As well, premature children may be more likely to experience delays in the development of their fine motor skills.

Let’s take a look at some of the conditions that may contribute to delays in fine motor skills like crossing the body’s midline.


Hypotonia occurs when your baby has low muscle tone.

Low muscle tone means that their muscles have less resistance at rest. This may make their body feel softer or limp.

This means it takes more effort for the muscles to contract so children with low muscle tone typically have muscle weakness and might physically tire quicker than their peers.

Due to this, children are typically behind on their fine and gross motor skills.

RELATED: Pediatric Physical Therapy Treatments For Hypotonia

Developmental Coordination Disorder

Developmental coordination disorder is a neurological disorder that causes difficulty with motor skills.

This condition affects how your child’s brain processes and coordinates motor skills and information.


ADHD may cause restlessness and difficulty in your child controlling their impulses and staying focused.

It may cause poor balance, perception issues, and irregular posture.

ADHD can also affect how your child’s motor skills develop, which may lead to issues with crossing the midline.

Pediatric therapy for ADHD can help.

RELATED: How Can ADHD Affect Your Child’s Social Skills

Learning Disabilities

Learning disabilities don’t generally reflect your child’s intelligence.

But they may affect their ability to process and learn specific kinds of tasks and information.

This can include things like spatial awareness and motor skills.

If your child has a learning disability, they may benefit from sensory integration therapy or another pediatric occupational therapy approach.

Book your appointment with Little Feet Pediatric Therapy today to find out more.

Other Causes

Conditions like cerebral palsy or muscular dystrophy can cause delay in motor skills.

Problems with vision can also be linked to fine motor skills delays.

It’s also possible your child has what’s called an idiopathic developmental delay.

That means it’s a delay with no known cause.

What Is Crossing The Body’s Midline? | Little Feet Pediatric Occupational Therapy Pediatric Speech Therapy Clinic Washington DC, Charlotte NC, Raleigh NC, St Louis MO

How To Help Your Child Cross Their Body’s Midline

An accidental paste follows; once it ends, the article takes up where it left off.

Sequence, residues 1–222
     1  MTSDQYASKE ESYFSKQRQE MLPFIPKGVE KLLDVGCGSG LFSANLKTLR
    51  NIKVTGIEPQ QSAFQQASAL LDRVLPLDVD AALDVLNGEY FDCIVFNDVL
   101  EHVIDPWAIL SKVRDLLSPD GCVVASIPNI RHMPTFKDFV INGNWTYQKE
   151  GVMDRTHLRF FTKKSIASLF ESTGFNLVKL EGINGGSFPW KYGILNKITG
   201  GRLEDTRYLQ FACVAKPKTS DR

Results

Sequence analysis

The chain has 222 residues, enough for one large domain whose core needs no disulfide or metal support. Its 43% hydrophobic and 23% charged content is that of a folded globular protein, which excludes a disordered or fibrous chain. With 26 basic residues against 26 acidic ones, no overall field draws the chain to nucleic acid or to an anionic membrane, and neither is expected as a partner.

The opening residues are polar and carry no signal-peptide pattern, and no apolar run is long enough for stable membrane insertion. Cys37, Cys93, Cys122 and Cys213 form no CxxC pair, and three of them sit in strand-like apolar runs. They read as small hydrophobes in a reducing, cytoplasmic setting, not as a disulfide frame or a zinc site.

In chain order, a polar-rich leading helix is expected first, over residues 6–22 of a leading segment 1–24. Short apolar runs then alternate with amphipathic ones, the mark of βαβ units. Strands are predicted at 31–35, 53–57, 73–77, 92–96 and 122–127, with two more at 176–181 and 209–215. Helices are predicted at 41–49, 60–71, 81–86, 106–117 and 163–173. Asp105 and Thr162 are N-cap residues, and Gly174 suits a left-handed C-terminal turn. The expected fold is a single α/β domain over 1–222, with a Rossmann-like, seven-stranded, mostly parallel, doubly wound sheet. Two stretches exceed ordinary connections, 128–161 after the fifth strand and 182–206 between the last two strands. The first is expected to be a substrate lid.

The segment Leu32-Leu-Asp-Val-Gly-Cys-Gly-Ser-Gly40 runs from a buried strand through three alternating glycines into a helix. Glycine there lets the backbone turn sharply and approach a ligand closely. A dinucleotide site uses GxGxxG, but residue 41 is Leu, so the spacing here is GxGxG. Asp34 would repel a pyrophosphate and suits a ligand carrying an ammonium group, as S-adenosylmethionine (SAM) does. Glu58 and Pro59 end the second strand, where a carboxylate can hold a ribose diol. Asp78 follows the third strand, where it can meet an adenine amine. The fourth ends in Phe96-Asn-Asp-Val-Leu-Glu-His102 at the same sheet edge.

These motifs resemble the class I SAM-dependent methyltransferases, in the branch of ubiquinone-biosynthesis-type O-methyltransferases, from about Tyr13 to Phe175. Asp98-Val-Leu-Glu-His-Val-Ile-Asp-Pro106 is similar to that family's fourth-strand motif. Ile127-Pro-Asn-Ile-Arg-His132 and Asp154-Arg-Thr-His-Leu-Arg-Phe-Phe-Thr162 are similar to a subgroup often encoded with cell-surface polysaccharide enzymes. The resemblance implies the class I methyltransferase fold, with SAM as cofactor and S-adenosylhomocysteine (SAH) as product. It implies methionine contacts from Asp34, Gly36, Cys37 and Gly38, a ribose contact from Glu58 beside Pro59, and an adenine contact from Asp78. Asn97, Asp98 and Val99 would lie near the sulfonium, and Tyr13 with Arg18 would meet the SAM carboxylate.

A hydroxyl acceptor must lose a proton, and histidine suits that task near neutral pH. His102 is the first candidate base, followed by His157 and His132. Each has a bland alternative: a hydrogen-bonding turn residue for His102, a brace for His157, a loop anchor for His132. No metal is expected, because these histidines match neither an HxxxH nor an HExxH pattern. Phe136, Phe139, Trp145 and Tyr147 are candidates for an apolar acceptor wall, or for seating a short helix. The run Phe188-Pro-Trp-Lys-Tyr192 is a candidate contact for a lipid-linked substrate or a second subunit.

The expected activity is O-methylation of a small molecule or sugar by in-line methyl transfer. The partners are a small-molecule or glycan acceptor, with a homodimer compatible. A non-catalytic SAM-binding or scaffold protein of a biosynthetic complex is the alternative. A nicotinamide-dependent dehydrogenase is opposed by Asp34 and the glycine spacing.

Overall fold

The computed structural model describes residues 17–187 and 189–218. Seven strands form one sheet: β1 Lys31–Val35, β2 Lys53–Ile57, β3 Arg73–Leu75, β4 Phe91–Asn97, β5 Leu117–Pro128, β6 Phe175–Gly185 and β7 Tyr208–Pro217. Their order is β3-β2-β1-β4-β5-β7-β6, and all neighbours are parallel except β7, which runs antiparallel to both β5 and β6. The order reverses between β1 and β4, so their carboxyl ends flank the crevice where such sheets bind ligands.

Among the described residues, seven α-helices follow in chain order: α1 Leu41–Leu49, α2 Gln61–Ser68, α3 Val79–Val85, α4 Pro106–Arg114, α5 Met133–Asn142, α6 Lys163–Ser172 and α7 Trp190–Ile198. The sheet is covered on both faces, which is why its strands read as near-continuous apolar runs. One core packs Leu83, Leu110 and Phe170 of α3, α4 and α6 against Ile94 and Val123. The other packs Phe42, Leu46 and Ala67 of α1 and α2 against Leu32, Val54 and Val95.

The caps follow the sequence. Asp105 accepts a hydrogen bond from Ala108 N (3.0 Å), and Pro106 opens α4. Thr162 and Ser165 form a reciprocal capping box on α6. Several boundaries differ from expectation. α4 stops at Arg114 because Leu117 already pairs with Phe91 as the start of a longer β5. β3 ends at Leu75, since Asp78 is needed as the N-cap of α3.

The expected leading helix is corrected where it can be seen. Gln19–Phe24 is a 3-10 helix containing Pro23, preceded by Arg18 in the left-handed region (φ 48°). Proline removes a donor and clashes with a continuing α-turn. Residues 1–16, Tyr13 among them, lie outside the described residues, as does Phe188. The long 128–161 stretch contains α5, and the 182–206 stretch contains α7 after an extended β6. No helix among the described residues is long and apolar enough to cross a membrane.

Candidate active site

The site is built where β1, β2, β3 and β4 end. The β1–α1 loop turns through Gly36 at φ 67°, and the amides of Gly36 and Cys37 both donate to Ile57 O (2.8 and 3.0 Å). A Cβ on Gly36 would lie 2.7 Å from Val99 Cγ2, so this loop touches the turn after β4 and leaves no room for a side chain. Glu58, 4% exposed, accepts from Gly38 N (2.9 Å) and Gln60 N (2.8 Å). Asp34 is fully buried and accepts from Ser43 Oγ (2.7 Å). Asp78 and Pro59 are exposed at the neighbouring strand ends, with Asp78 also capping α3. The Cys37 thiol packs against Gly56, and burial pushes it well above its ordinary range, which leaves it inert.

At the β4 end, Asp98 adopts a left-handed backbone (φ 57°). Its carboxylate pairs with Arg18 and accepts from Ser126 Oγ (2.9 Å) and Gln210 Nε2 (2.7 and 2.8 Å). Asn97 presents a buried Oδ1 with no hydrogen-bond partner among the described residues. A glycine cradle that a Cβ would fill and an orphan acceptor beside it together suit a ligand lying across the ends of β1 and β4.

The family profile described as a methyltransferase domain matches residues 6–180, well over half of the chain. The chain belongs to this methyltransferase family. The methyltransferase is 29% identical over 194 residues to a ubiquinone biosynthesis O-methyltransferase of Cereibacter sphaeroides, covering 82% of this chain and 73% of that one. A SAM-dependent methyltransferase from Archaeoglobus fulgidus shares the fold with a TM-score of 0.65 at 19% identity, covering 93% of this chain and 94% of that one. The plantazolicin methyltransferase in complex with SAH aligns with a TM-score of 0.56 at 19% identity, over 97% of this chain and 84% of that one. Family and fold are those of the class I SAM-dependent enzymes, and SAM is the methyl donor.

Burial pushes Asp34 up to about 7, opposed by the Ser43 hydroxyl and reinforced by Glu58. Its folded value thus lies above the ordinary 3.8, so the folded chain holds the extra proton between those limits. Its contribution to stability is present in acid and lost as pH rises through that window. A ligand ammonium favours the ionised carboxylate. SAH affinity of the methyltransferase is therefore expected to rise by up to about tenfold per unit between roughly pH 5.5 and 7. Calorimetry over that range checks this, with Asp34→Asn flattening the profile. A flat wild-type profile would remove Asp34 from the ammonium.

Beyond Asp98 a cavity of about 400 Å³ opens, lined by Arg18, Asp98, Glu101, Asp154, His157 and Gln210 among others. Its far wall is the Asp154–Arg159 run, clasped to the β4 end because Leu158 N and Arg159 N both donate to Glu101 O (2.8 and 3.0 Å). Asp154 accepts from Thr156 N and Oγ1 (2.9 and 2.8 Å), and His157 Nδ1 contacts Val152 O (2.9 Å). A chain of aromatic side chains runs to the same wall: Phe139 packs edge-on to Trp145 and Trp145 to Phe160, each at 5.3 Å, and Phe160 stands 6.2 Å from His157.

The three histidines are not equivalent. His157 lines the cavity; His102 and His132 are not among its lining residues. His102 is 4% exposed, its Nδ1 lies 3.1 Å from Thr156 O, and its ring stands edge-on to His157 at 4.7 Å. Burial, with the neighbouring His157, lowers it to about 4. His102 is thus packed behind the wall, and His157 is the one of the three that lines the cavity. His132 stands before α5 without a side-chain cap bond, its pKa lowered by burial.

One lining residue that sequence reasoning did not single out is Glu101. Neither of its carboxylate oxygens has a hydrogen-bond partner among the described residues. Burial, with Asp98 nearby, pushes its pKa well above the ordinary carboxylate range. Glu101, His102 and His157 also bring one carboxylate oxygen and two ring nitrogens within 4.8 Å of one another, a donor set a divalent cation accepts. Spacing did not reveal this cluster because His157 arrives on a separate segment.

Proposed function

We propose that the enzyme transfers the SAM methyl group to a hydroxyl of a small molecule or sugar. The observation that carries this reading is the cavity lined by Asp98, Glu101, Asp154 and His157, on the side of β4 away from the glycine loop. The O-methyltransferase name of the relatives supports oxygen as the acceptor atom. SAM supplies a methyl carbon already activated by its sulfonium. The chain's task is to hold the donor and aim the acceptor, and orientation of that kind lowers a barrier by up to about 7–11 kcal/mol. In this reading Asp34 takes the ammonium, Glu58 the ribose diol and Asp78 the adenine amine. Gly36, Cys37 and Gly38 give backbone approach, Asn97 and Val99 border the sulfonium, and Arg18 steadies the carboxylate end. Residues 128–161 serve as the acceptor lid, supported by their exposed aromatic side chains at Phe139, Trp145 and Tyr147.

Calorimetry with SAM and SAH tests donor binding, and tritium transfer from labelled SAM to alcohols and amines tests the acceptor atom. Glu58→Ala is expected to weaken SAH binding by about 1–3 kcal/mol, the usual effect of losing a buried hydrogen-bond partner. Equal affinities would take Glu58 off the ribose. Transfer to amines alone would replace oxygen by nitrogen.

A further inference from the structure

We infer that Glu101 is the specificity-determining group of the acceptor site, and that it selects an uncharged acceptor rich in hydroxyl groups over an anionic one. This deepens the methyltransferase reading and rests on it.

To help your child encourage them to use their two handed skills and use both sides of their body at the same time.

Apply crossing the midline activities in daily life.

Something like getting dressed and placing socks on the other side of their body can help your child cross their midline.

It can also help to build core stability and trunk rotation to encourage them to physically move and cross the midline.

Some activities that can help your child cross the midline are:

  • Craft activities
  • Playing musical instruments
  • Playing with stickers (alternating hands)
  • Twister
  • Popping bubbles on opposite sides
  • Marching games
  • Playing with finger puppets
  • Tying shoelaces
  • Catching a ball
  • Riding a bike
  • Jumping

How Can A Pediatric Occupational Therapist Help?

When children have fine motor skills delays it can get in the way of them exploring and learning.

A pediatric occupational therapist can help your child develop their fine motor skills in daily activities.

They will design activities that seem fun, like playing with modeling dough or pouring water from one container to another.

These sorts of activities will help with your child’s hand movements and get them to twist their body around.

Developmental delays in fine motor skills can also affect their social and academic skills development.

Your child’s occupational therapist can help improve on those skills and prepare them for the school environment.

They can also help develop your child’s hand dominance, improve their gross motor skills, their visual tracking and handwriting, and help them complete age appropriate tasks.

Book Your Appointment With Little Feet Pediatric Therapy Today

If your child has delays in their fine motor skills development and with crossing the midline, we’re here to help.

Here at Little Feet Pediatric Therapy, we’re happy to help your child overcome their barriers and develop their skills so they can focus on learning and growing.

Pediatric occupational therapy can help your child develop and learn new skills so they can explore the world freely.

Book your appointment with Little Feet Pediatric Therapy today.

Little Feet Therapy
3535 Randolph Rd, Charlotte, NC 28211
1331 H St NW Ste 200, Washington, DC 20005
St. Louis, MO
Raleigh, NC

Founded in 2019, Little Feet Therapy offers on site pediatric physical and occupational therapy treatments for children from 2 months to 18 years old with physical and developmental concerns. Our clinics focus on providing therapy in a child’s natural setting where your child is in familiar surroundings, it puts their mind at ease and helps them focus more on the work they’re doing with their pediatric therapist. Our therapists will work with your child at your home, at school, at daycare, or another place in the community where they feel most comfortable.